As state lawmakers grapple with the difficulties of cutting the state budget, it is not a good idea to try to make cuts according to a ratio of dollars generated in a certain county compared with those spent there by the state. The idea Balkanizes the state too much.

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STATE Rep. Reuven Carlyle urges lawmakers to consider which of Washington’s 39 counties pay more in taxes and which receive their fair share back in state spending. King County, as the prime example, generates 42 percent of taxes but receives only 26 percent in state expenditures.

That’s an interesting fact, but do not go there. It is no way to run a state.

To be clear, Carlyle is not advocating dollar-for-dollar equity, not by any stretch. But he worries when he sees that the 2011 supplemental budget wiped out money for kindergarten through fourth-grade class-size reduction, which benefits all districts. At the same time, lawmakers fully protected levy equalization, which bolsters property-poor districts that tend to be rural and suburban.

Of course, King County, which has 29 percent of the state’s population, produces the highest amount of tax revenues. It has the most people and is the place where numerous businesses are located. But we should never manage government on a pay-as-you-go or a la carte basis. Or attempt to cut the budget in that way.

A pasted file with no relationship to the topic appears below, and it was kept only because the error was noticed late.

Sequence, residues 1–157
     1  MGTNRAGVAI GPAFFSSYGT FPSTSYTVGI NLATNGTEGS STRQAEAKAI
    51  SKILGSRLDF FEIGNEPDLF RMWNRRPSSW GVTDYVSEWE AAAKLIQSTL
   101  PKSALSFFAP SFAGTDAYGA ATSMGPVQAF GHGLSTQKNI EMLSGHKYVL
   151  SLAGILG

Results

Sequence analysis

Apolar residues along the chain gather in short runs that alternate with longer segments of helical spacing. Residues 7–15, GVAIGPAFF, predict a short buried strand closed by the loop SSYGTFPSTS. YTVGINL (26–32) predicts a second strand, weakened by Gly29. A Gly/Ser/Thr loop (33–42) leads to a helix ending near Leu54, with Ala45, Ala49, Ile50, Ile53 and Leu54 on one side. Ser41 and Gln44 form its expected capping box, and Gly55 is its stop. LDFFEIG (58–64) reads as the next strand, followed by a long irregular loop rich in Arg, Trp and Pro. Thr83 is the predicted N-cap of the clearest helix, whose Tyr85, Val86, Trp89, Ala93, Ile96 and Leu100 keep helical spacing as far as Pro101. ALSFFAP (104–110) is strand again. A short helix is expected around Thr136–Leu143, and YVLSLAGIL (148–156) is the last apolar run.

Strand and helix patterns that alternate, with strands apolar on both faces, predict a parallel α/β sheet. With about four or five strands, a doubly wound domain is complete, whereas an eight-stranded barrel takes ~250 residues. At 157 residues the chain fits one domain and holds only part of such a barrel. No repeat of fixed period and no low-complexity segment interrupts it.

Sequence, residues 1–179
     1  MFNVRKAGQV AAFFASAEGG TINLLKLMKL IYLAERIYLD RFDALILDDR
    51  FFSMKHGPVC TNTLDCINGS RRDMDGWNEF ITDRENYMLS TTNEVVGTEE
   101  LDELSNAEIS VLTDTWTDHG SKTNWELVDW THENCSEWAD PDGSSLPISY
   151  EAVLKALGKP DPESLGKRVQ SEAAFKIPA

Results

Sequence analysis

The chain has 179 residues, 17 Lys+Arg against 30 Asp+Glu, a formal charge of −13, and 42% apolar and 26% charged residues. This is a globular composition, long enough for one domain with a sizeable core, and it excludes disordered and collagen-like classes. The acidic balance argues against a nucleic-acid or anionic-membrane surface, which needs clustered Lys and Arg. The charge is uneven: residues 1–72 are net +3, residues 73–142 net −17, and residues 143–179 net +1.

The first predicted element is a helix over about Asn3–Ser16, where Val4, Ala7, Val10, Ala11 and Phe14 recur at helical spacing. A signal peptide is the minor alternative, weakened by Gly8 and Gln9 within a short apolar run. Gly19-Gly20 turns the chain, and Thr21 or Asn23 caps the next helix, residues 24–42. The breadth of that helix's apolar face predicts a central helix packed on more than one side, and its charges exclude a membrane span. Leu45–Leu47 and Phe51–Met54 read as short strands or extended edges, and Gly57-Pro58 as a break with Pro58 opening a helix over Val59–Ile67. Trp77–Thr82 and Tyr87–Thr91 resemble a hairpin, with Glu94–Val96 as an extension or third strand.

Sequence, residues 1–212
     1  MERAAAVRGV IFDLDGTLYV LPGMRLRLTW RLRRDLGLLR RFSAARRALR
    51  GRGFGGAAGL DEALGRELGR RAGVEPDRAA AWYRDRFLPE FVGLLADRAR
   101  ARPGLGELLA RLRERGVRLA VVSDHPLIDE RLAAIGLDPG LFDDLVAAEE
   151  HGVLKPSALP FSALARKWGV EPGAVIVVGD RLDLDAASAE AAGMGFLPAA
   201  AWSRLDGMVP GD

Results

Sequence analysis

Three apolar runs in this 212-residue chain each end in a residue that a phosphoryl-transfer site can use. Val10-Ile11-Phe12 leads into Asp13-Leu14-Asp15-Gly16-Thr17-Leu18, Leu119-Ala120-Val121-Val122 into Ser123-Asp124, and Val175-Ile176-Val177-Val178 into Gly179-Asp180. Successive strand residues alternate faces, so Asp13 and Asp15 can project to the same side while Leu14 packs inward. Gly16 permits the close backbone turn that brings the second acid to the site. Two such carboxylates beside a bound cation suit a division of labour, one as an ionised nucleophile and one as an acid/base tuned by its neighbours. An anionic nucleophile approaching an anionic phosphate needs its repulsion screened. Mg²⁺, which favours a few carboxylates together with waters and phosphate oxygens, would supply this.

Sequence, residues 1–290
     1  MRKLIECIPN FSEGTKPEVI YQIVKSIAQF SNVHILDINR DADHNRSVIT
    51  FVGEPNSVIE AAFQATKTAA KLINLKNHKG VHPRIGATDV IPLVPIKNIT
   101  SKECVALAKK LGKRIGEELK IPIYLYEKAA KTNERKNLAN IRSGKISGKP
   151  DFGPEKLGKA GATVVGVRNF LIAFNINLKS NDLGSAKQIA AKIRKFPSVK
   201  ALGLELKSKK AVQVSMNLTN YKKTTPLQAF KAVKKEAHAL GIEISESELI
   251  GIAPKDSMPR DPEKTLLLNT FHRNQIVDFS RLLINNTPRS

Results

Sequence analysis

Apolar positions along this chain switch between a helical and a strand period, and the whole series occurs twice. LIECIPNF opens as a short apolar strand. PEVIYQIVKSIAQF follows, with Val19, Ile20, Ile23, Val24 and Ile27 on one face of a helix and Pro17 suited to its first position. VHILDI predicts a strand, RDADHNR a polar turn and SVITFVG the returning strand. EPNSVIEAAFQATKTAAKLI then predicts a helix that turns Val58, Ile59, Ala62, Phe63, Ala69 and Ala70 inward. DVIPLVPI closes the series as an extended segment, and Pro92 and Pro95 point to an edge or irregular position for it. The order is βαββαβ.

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This is one state, and as the Democrats in Olympia like to say, One Washington.

Carlyle, a Seattle Democrat, is positively eloquent about the need to invest in job-generating industries and institutions, such as the University of Washington, global health and the innovation economy, which tend to be located in King County.

But he must be careful discussing the idea of returning more tax dollars to the counties that generate such taxes.

For many years, King County exported gas-tax dollars for transportation to other places, primarily rural areas, though that formula has been adjusted in recent years to be more equitable.

Carlyle and other lawmakers have every right to bring up the county’s largesse when lawmakers from other places rag on the county. But he is off a bubble if he thinks he can rectify the disparity by trying to make cuts in state spending somewhat according to where tax dollars are produced.

Whether he intends it or not, this feeds into emerging bad logic that people only want to pay for the services they use.

Washington has to be one state in good times and bad. In other words, Carlyle can raise his point and then go back to the extremely difficult work of making wise budget decisions that benefit — and in this case, cut — services in all parts of the state.

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